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Dr. Bacon On Mr. Beecher

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JJr. Jjeonard Bacnn delivered a leoture, Thursday, before the Yale Theological School upon the recent Congregational Couucil, giving his viewa upon the resulta acoompliahed, with his onstoinary clearness uud power. The lecture concluded with the following admirable tribute to Mr. Beecher : " And now some of you may think that what has been said has been dictated by siispicion of Mr. Beecher's purity. My theory of all these transactions and troubles proceeds on a belief in the highest Christian integrity of Mr. Beecher. I believe that the infainous women who have started this scandal have no basis for it. (Applause.) If it was their testimony alone, it would not be worth kicking a dog for. But I doubt not that he haa his infirinity, which is to let unprincipled men know too much of him. I object not to his being a friend to publica ns and sinuere. Our Lord was. But the harlot who washed His foét with her tears, and wiped them witn her tresses, was a repentant harlot. Soono must hcdge himself in a little. And you, as you go out to preaoh, be on your guard, lest in your anxiety to do good to the low, you be come liable to be charged with their sins. " Another part of niy theory is that Mr Beecher's magnanimity is unspeakable. I never knew a man of a larger and more generous miud. One who was in relations to him the most iutimate posgible, said to me, ' If I wauted to seoure his highest love, I would go into a church meeting and acense him of crimes.' This is hia spirit. But I think he may carry it too iar. A man whose life is atreasure to the church universal, to his country, to his age, has no risht. to subiect the faith in it to such a struin. Souie one has said that Plyuiouth Church's dealing with offenders is like Dogberry's. The comparison was apt : ' If anyone will not stand, let him go, and gather the guard and thank God that you are rid of sueh a knave.' So oí' Lance, who went into the stocks, and the piüory to save his dog from execution tor stealing puddings and geese. I think he would have done better to let the dog die. And I think Mr. Beecher would have done better to have let vengeance come oh the heads of his slanderers. "But he stands before his Master, and not before men. I hope ever to feel the fullest confidence in his character, and to see his inÜuence enlarged and round out more and more. No one could give such a course of lectures as this last one of his here - which was the best- and show unconsoiously such a reach of spiritual experience and growth, without being pure and noble. (Applause.) Andin this feeling the council shared. Dr. himself said to me, as he went out of the church after Dr. Storr's address, in which he paid his high tribute to Mr. Beecher's character and work, ' That passage should be saved to be Mr. Beecher's funeral eulogy, for it could never be exceUed.' "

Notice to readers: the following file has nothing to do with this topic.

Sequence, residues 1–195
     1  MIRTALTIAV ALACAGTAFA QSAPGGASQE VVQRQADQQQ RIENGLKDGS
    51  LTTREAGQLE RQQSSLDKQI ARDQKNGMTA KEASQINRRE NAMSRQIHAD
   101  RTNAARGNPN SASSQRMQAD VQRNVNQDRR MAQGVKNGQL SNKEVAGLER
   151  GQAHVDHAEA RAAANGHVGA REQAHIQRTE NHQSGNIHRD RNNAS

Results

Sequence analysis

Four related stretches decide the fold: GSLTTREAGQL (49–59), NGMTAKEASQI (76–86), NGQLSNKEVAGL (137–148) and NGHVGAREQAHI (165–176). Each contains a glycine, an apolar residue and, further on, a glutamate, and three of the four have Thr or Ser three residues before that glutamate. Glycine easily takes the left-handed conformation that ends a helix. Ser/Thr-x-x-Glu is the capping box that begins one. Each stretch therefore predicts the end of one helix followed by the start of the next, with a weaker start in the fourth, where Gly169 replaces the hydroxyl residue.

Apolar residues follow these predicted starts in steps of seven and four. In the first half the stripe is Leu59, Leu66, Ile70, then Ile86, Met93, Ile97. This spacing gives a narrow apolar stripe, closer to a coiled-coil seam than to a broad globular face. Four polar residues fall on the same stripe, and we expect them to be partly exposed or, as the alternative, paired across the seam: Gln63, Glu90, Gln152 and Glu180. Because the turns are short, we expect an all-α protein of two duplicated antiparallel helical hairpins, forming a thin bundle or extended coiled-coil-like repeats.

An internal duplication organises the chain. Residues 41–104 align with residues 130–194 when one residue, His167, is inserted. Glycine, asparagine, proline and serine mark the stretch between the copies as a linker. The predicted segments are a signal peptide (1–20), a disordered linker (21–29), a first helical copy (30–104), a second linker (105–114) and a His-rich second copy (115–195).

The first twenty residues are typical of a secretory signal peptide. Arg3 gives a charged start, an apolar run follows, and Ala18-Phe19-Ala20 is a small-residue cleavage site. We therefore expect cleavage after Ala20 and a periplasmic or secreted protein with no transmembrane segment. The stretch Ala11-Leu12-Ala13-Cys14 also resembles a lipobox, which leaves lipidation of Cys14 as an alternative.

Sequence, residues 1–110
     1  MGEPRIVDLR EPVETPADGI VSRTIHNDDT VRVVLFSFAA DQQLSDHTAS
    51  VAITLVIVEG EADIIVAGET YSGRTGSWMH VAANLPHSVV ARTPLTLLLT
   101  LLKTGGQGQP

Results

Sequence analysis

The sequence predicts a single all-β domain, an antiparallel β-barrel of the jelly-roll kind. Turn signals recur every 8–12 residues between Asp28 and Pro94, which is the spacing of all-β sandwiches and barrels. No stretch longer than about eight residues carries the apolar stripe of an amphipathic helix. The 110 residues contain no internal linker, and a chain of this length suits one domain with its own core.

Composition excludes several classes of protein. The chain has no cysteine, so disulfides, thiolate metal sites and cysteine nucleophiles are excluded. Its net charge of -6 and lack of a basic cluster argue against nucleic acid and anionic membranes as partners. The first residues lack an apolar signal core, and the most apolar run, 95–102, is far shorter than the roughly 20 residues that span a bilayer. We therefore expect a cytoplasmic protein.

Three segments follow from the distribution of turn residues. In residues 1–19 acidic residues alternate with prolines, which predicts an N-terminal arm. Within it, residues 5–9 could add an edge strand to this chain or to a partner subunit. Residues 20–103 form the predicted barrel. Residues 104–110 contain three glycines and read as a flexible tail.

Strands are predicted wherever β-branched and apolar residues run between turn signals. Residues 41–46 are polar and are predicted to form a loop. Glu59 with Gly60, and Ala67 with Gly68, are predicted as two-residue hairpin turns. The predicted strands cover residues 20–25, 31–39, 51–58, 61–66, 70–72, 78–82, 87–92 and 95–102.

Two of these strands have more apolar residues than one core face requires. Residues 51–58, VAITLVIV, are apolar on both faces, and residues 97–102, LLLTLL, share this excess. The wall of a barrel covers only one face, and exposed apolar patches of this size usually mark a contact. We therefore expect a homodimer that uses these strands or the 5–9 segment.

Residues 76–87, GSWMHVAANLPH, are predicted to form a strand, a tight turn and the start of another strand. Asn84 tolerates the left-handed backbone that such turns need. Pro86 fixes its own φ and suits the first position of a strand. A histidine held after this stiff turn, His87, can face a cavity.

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Michigan Argus